State Pension written on paper with pen

Should I consider insuring my state pension?

Subscribe

The state pension has made many headlines over recent years, with most stating doom and gloom for those who are looking to retire in the future, and with the ever increasing age at which the state pension can be claimed, you could be forgiven into thinking that the state pension is not worth relying on in retirement.

However, whilst the majority of the headlines seem to have been negative, the value of the state pension should not be overlooked as this forms a critical part of a retirement income for nearly all retired households and it would certainly be missed if it was not there.

The state pension provides one of the few sources of “risk free” income and, when producing retirement cashflow forecasts, most people we speak to become very aware of their reliance on the state pension, with fewer and fewer people being able to rely on final salary pension schemes.

If you are entitled to the full state pension you will receive a sum of £175.20 a week, or just over £9,100 a year. For a retired couple, two state pensions would provide the household with over £18,200 of risk free income each year. For many, this will allow them to cover a significant proportion of their expenditure, with any additional income requirements usually being generated from personal pensions, investments or maybe from a rental property.

However, the Pensions and Lifetime Savings Association, in their Retirement Living Standards research, found that for a couple to retire on a “Moderate” standard of living (Outside of London), a household income of £29,100 a year would be needed, and for a single person, or for someone who may have been widowed, this sum is £20,200 a year.

Whilst the state pension meets a proportion of the income requirements for a married couple, there is one very real danger to retirement income - the death of a spouse or partner. Under current legislation, if you are in receipt of the state pension these payments have to cease on death, thereby leading to a fall in household income for the survivor. It should also be considered that other sources of retirement income may also reduce or cease, it is extremely important therefore that plans are in place to cover the loss of income.

Similarly, it is just as important to ensure that plans are in place to protect the future state pension receipts, even if you have not yet retired. Every person who has worked through their career will have had National Insurance payments deducted from their salary/profits for the duration of their working life. Sadly, if they pass away before retirement age, then no state pension will be payable. From October 2020, the state pension age is due to rise to 66, and at this age, the average life expectancy for a man and woman are 85 and 87 respectively (Office for National Statistics).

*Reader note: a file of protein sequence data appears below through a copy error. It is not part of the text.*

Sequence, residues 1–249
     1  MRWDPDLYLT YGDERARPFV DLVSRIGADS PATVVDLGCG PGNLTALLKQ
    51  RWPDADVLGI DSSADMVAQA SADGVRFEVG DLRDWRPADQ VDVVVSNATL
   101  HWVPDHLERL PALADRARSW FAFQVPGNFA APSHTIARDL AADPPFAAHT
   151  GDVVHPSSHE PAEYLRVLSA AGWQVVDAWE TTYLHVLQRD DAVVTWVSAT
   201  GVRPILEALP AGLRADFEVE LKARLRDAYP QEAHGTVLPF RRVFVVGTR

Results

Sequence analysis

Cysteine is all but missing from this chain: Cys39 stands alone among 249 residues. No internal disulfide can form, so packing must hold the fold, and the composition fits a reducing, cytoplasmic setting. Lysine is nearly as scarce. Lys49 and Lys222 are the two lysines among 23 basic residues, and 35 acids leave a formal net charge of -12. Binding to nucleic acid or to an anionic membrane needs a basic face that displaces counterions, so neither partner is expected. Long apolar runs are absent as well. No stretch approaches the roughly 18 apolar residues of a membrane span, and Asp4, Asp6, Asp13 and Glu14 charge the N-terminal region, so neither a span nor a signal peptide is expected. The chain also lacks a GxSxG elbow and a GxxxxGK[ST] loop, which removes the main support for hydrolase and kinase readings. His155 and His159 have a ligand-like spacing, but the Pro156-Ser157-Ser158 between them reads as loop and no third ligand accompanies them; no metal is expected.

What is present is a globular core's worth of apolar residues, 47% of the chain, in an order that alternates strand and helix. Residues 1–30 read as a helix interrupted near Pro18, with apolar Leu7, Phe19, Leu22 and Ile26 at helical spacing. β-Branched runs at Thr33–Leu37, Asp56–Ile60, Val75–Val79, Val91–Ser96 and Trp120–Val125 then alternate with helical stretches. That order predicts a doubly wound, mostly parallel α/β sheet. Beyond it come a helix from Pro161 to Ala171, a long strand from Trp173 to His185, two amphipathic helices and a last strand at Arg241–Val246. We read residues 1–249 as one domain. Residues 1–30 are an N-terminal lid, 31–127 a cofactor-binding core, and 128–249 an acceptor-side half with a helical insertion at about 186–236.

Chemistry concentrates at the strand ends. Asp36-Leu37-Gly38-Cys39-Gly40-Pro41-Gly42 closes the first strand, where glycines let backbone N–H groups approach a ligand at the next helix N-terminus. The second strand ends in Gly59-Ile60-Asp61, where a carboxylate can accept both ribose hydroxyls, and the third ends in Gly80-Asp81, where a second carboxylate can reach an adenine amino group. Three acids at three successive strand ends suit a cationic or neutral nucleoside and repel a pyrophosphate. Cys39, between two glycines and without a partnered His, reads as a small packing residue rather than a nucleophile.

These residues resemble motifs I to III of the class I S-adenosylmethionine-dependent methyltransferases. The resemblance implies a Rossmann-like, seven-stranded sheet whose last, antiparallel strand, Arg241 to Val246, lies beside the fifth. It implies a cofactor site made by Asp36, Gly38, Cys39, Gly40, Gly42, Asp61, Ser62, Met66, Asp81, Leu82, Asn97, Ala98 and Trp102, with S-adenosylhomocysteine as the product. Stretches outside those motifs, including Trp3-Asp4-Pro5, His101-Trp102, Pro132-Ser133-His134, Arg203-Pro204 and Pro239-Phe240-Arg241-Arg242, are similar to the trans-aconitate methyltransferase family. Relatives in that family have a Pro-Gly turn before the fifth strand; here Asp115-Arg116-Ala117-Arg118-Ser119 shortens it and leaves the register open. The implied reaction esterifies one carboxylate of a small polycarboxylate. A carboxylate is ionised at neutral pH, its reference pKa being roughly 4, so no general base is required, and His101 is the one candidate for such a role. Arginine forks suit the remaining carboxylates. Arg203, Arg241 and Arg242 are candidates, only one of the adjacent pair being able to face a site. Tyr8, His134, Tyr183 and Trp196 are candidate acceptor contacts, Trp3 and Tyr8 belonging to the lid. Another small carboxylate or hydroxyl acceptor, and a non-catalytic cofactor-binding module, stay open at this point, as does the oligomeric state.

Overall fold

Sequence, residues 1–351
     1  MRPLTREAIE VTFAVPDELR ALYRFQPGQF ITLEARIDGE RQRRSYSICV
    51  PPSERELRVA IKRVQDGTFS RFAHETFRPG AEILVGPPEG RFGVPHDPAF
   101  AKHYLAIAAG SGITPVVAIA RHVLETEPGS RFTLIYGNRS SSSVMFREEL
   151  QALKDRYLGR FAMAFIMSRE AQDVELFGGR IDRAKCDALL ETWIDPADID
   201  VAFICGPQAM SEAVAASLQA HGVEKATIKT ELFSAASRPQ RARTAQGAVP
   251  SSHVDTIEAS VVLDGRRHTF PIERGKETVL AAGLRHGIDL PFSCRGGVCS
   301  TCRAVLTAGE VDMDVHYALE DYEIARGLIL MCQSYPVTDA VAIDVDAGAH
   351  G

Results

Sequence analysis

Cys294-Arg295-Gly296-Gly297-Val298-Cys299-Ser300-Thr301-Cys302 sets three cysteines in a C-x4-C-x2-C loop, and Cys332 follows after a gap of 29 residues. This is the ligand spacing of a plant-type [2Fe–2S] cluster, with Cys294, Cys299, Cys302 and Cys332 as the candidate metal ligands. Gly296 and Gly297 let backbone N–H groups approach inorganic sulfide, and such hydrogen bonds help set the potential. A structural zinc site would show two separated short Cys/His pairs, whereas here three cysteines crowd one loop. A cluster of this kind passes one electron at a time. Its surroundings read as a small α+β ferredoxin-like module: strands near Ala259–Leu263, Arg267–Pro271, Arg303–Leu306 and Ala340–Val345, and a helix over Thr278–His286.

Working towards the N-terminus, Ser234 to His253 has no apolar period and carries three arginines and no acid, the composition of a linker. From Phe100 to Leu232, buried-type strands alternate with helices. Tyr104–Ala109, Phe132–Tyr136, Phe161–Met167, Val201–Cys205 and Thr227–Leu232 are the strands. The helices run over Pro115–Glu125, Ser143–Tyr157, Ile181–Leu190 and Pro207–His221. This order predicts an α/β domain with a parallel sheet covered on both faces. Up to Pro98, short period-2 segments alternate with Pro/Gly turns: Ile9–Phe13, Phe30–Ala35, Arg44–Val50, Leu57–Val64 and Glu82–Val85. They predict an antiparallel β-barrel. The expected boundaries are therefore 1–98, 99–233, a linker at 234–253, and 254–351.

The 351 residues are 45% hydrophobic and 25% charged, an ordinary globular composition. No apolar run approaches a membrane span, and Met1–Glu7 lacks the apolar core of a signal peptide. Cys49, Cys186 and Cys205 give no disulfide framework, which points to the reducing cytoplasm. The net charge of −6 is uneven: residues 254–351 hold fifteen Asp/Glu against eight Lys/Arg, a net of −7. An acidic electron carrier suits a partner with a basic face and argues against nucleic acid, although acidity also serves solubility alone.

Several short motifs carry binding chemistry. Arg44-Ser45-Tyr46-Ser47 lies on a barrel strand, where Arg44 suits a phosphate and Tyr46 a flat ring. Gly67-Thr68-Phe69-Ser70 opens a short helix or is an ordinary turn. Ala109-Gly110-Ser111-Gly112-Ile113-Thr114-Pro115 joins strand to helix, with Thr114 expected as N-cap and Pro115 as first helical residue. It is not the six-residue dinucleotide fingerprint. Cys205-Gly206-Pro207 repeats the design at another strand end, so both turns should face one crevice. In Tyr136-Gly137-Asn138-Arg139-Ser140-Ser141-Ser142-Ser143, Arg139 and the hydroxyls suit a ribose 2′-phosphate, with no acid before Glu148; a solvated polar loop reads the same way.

The state pension, in normal circumstances, could be paid for over 19 years, providing over £173,000 of income per person (even without allowing for any inflationary increases), so for the partner of someone who passes away before the state retirement age, this is a large amount of income for the survivor to try and replace, or partially replace depending on the life style they are still aiming to achieve, from other sources or investments.

Thankfully, there are ways in which you can ensure that in the event of your death, your husband, wife, or partner does not suffer this significant loss of income in retirement by securing a similar level of income through the use of life assurance for a relatively low cost. Life assurance is often discounted by many as not being a necessity and is rarely considered in retirement, but it is extremely valuable should your retirement planning not go “to plan”. Sadly most only miss not having cover until it is too late and have to make significant changes to their retirement plans as a result.

Whilst the state pension will continue to generate headlines, for most people it will still form the backbone of their retirement plans. The loss of a state pension income will have profound effects on the retirement plans for the survivor, but by arranging a full financial plan, and having the right financial protection in place, you can be assured that you will continue to have enough income to retire on, whatever happens.

At Armstrong Watson, our quest is to help our clients achieve prosperity, a secure future and peace of mind, we work with you to help build your retirement plans with regular reviews so you can remain on track. We can do this remotely via video as well as face to face with the necessary social distancing precautions in place. 


For information or advice, please call Chris Hill on 07718479723 or email chris.hll@armstrongwatson.co.uk.

Contact Chris